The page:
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Background and study aim: Dixon Quantitative Chemical Shift Imaging (QCSI) to measure lumbar spine bone marrow fat signal fraction (FF), is considered the ‘gold standard’ for the determination and follow up of bone involvement in type I Gaucher disease (GD). Since there used to be only one centre in Europe (AMC, Amsterdam, the Netherlands) offering this technique, we transferred the Amsterdam QCSI technology to the University Hospital Gasthuisberg (Leuven, Belgium) and tested it on 9 Belgian patients.
Patients and methods: 9 GD patients entered the study from November 2006 till April 2010. Installation of the QCSI technique in Leuven required a visit of the Amsterdam MRI physicist (E.M.A.) for one day, to install software and train the local team. Requirements for running the technique are: a 1.5 Tesla MRI-scanner, Siemens or General Electric, with access to sequence programming and a dedicated physicist. A total of 22 scans were performed in Leuven and in 2 patients parallel scans were performed at the AMC, to determine reproducibility. The critical cut-off value of FF for bone disease is 23%, according to data published by the Amsterdam group.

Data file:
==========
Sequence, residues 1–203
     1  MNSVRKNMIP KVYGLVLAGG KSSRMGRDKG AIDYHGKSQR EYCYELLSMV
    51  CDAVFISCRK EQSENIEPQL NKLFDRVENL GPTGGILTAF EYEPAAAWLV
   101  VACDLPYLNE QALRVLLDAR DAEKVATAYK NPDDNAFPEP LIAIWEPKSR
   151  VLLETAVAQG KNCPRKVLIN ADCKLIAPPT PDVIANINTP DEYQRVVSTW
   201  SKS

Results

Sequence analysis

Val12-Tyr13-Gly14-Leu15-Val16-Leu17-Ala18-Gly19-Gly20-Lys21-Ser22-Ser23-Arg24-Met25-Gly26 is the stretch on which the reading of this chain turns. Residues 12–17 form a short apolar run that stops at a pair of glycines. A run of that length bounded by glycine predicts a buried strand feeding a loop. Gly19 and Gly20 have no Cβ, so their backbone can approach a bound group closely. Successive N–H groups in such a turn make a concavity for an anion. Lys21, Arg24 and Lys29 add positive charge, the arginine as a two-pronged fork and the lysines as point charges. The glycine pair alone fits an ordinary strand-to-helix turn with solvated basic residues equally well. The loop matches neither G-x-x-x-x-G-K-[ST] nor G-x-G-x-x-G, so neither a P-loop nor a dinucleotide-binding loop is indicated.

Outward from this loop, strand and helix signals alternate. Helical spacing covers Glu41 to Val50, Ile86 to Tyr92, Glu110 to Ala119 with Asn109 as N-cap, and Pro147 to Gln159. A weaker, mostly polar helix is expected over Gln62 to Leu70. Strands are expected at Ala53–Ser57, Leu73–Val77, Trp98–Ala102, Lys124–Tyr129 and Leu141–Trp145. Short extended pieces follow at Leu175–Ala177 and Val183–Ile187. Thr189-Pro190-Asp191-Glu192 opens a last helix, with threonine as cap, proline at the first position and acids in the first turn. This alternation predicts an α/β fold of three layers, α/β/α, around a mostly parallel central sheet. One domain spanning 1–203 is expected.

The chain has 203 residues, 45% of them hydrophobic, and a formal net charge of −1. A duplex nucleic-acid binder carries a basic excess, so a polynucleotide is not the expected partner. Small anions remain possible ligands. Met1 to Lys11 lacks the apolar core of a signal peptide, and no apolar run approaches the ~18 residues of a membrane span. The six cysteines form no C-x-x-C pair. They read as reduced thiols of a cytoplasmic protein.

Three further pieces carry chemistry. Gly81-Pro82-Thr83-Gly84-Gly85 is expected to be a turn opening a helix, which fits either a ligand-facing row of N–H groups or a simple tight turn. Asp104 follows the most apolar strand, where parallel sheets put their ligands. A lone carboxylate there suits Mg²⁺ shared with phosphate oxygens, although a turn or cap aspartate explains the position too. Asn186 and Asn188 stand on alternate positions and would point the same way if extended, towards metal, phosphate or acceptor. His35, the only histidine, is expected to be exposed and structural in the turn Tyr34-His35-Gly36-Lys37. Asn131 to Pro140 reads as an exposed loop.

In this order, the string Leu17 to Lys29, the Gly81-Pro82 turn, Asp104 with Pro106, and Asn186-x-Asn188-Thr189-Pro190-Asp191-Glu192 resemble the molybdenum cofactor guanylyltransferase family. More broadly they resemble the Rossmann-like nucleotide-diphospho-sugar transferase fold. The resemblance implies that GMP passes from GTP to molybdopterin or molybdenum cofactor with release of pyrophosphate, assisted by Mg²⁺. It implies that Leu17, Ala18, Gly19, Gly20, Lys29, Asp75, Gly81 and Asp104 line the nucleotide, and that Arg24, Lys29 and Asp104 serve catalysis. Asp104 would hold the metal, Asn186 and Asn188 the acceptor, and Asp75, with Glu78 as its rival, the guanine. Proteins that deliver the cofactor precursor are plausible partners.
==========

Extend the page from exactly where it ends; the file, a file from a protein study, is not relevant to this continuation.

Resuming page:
Results: Four patients were scanned once and five patients at least 3 times. Two parallel scans in Leuven and Amsterdam were each performed within one week and showed good reproducibility (40.7% vs. 43.8% and 41% vs. 39% ). Due to a shortage of enzyme, enzyme replacement therapy ceased from August 2009 till January 2010, causing a detectable decrease in FF in 3 patients. This confirms that QCSI is useful in clinical follow-up.
Conclusion: This study shows that Dixon QCSI MRI technology is successfully transferable from one centre to another, offering the potential for spreading this technique to Gaucher MRI expert centres throughout the world.
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